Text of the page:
This has driven engineers to develop different ways of sourcing fresh water. The best known is seawater desalination, which can be done in several ways. The easiest is simply to boil salty water and distil it – thereby removing salt and leaving pure water. Another common method is reverse osmosis, by which seawater is pushed through a semi-permeable membrane at high pressure, leaving salt behind. 

But both methods have limitations. To begin with, they use huge amounts of energy – one study found that thermal desalination may require as much as 60kWh of electricity to produce just one cubic metre of fresh water. Reverse-osmosis desalination must also deal with the problem of fouling – filters tend to quickly become unusable. 

A desalination plant (Credit: Shutterstock)

A desalination plant (Credit: Shutterstock)

So engineers are working on better ways of taking the salt out of seawater. A team at Penn State University in the US has developed a technique called battery electrode deionisation. It’s one of a number of electrochemical methods of desalination that have been developed in recent years, according to Professor Bruce Logan, who heads the research team. His project’s solution is uniquely low-powered. 

It works by feeding salty water into a battery-like chamber, with a membrane running through the centre that only allows ions to pass through it. An electrical charge is applied to the cell and ions are drawn through the membrane, becoming attached to the electrode on one side of the chamber. This leaves the water on the other side of the membrane free of sodium chloride, meaning it can then be channelled away for consumption. But the method is presently only suitable for brackish water. 

Pull water out of thin air

There’s up to 37.5 million billion gallons of water vapour in the earth’s atmosphere at any one time. What if we could tap this vast reservoir in the air around us? Canadian firm Rainmaker has developed a system that literally makes water out of air and is especially useful in the developing world. “We’re working with a government in East Africa to provide water to people who do not have access to the national water grid,” explains the company’s vice-president of business development, Rick Phillips.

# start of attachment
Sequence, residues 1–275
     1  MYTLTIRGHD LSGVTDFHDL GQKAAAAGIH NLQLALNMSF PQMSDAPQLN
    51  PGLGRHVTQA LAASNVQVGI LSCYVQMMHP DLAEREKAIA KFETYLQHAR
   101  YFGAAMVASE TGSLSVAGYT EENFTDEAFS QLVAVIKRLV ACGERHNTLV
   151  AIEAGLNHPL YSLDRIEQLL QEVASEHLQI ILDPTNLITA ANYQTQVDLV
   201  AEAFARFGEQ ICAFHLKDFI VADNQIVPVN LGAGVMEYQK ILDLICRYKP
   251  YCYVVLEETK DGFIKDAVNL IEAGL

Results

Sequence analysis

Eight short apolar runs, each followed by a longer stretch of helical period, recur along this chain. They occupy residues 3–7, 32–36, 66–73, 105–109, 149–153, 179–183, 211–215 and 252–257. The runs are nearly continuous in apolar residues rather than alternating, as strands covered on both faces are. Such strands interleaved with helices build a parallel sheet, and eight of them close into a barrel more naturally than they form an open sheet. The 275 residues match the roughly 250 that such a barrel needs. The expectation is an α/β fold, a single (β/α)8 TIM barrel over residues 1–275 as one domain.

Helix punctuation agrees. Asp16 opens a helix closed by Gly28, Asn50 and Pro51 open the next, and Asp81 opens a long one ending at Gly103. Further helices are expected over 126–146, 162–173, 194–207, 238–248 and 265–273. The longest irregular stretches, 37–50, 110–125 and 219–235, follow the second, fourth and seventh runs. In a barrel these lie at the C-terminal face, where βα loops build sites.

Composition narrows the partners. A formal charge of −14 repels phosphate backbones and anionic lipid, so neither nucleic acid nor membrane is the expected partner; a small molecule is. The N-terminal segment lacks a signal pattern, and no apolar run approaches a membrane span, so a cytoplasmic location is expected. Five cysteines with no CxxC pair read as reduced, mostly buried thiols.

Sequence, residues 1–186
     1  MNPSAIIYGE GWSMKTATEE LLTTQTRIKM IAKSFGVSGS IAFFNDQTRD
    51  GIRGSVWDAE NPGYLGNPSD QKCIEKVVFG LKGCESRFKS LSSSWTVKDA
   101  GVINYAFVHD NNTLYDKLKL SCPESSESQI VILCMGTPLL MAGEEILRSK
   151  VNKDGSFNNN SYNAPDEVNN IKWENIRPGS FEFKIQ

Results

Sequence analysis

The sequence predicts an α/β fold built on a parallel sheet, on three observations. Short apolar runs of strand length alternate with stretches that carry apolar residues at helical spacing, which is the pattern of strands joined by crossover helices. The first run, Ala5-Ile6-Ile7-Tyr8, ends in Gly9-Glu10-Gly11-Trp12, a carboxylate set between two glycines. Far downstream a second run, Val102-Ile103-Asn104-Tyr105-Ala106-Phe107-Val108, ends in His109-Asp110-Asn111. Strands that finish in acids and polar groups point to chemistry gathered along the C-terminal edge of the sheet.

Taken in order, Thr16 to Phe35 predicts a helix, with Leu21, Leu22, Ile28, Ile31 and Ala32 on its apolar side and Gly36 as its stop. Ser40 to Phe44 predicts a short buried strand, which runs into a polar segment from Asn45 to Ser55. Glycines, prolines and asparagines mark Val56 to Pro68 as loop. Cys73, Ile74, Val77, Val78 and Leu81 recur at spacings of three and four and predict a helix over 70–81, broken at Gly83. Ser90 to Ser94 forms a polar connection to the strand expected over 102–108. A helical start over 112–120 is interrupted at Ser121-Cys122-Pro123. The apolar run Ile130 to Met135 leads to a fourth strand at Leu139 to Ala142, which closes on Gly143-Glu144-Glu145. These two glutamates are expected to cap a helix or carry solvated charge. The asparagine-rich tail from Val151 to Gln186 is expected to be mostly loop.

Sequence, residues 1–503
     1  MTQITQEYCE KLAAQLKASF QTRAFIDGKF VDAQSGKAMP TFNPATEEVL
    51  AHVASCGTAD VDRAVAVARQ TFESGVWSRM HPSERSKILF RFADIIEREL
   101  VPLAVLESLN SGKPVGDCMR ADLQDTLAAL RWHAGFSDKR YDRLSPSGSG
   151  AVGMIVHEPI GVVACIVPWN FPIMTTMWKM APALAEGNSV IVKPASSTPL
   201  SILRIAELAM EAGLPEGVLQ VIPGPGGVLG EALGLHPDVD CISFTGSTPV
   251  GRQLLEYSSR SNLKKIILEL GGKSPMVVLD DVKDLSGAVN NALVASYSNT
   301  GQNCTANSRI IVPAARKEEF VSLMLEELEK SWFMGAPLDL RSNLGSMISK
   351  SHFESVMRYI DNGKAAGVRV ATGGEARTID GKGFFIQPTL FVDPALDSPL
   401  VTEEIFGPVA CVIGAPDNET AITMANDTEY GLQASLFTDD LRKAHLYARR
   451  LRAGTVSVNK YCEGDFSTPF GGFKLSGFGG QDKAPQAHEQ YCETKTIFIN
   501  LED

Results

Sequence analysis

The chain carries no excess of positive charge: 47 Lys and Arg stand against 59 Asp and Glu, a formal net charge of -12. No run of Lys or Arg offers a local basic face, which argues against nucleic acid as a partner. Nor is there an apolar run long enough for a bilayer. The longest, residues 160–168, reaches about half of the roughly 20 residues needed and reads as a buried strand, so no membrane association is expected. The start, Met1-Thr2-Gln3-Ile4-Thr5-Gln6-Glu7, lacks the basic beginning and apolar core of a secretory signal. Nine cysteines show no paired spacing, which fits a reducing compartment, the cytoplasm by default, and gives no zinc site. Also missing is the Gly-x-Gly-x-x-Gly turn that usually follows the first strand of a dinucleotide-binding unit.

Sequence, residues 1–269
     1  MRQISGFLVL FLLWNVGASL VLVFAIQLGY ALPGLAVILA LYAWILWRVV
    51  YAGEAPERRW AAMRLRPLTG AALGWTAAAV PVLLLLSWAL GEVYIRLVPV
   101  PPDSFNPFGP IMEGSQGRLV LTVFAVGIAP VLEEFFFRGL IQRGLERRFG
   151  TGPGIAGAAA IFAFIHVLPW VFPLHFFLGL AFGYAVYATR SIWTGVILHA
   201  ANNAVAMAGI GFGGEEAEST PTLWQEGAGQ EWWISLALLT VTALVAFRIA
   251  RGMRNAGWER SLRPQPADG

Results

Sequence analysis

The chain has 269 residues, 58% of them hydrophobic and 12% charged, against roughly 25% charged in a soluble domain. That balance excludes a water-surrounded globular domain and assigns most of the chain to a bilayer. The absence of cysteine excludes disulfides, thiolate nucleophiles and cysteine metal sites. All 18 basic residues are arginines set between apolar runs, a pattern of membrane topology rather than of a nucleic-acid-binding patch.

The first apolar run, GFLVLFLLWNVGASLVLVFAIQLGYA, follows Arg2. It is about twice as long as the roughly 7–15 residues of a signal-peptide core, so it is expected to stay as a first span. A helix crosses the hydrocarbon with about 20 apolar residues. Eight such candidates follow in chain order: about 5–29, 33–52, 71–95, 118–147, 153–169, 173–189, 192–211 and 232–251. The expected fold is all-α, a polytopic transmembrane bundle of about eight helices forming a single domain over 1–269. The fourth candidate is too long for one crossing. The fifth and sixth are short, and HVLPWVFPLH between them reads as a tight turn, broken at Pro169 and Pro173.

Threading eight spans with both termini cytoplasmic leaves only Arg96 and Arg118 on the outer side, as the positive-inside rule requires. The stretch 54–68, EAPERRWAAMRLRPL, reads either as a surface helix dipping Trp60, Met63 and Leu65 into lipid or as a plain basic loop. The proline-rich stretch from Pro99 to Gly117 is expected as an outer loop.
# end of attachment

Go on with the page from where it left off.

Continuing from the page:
Rainmaker’s air-to-water installations look a little like wind turbines and can be powered entirely by wind or solar energy. A heat exchanger is attached to the Rainmaker’s column where the air is cooled using energy produced by the turning of the turbine. When the air cools, condensation takes place and the dew droplets that form are collected in a water storage compartment. 

In optimal conditions, Phillips says each unit can produce as much as 5,000 litres of water a day – which could be crucial for a rural community or refugee camp. Phillips describes some of the diverse use cases for the technology, including housing developments in South Africa that now source almost all their water from the air using Rainmakers, an entrepreneur in Bermuda who uses one to produce bottled water, and a glass factory in India whose unit provides most of its industrial water needs.

Detecting leaks

Although it’s not as eye-catching as pulling water from the air, there’s a strong argument that the main solution to our water problems is to reduce the amount we waste. In the UK, almost a quarter of fresh water put into the public supply is lost through leaks at various stages of its distribution – something like 3 billion litres a day. 

Most leaks are found through periodic manual assessments of sections of the grid, which means many pipes could be losing water for months before the next inspection.

However, Swiss company Gutermann Water is attempting to change this through the use of the Internet of Things.